He organized SNCC’s participation in James Meredith’s ‘March Against Fear’ in 1966. When the demonstrators arrived in Mississippi, Carmichael was arrested and held in custody for a few days.
The notion of ‘Black Power’ was immensely popular among young African Americans in the United States, and it also became a cry against European colonization of Africa. His opinions, on the other hand, were divisive, and he was accused of ‘Black Racism’ by other civil rights organizations.
He conducted talks and met with local revolutionary leaders in Guinea, Cuba, North Vietnam, and China in 1967. When he returned to the United States, he left the SNCC and became the ‘Honorary Prime Minister’ of the more fundamental ‘Black Panther Party.’
From 1967 through 1969, he lectured across the United States and published writings on black ideologies and pan-Africanism. During this time, Carmichael was opposed to whites joining the ‘Black Panther Party,’ but the party was not. This caused a schism between Carmichael and the rest of the party.
Following Martin Luther King Jr.’s killing in 1968, he requested that shops in Washington, D.C. close out of respect and led a group of demonstrators through the streets. Despite Carmichael’s insistence for nonviolence, the protestors became violent and rioted in several neighborhoods of Washington, for which he was accused.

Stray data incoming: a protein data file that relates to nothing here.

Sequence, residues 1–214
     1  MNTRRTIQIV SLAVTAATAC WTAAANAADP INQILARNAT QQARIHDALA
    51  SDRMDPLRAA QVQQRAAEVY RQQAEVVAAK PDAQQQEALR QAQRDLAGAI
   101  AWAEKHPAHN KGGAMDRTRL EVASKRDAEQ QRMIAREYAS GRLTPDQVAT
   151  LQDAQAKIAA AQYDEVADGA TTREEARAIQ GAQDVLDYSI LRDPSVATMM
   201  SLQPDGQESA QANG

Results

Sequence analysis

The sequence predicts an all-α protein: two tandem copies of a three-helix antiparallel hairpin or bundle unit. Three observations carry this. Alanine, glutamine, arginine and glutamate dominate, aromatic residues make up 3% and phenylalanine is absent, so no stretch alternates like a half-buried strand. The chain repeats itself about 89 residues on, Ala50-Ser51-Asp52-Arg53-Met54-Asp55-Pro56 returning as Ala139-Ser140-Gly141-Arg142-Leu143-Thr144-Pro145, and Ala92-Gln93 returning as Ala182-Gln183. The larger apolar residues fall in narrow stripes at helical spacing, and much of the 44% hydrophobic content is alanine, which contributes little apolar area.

He left the party in 1969 due to ideological differences, left the United States, and moved in Conakry, Guinea. For the rest of his life, he preached pan-African unity. He also believed that the only way to overcome racism was through revolution.
Major Projects of Stokely Carmichael
Stokely Carmichael is credited with increasing the number of black voters in Lowndes County from 70 to 2600. Not satisfied with major parties’ responses, he formed the ‘Lowndes County Freedom Organization,’ a political party with the ‘Black Panther’ as its symbol.
After activist James Meredith was injured in his ‘March Against Fear,’ Carmichael joined other renowned activists such as Martin Luther King Jr. and Floyd McKissick in continuing the march. He gave his most famous speech expounding ‘Black Power’ after his imprisonment and subsequent release.
Achievements & Awards
In 2002, famous American historian Molefi Kete Asante compiled a list of the “100 Greatest African Americans,” which featured Stokely Carmichael.
Personal History and Legacy
In 1968, Carmichael married ‘Miriam Makeba,’ a well-known South African musician and civil rights campaigner. Their relationship ended in divorce.
He married Marlyatou Barry, a Guinean doctor, in 1980 and had a son, Bokar Carmichael. After two years of marriage, the couple divorced.
At the age of fifty-seven, he died of prostate cancer in Guinea. Before his death, he had been receiving treatment for two years.
Stokely Carmichael’s Net Worth
Stokely is one of the wealthiest civil rights leaders and one of the most well-known. Stokely Carmichael’s net worth is estimated to be $1.5 million, according to Wikipedia, Forbes, and Business Insider.
For accessing a bus stop waiting room meant only for white people, this Trinidadian-American black activist was sentenced to 49 days in prison.
‘Ready for the revolution!’ would be the message on this well-known civil rights activist’s answering machine.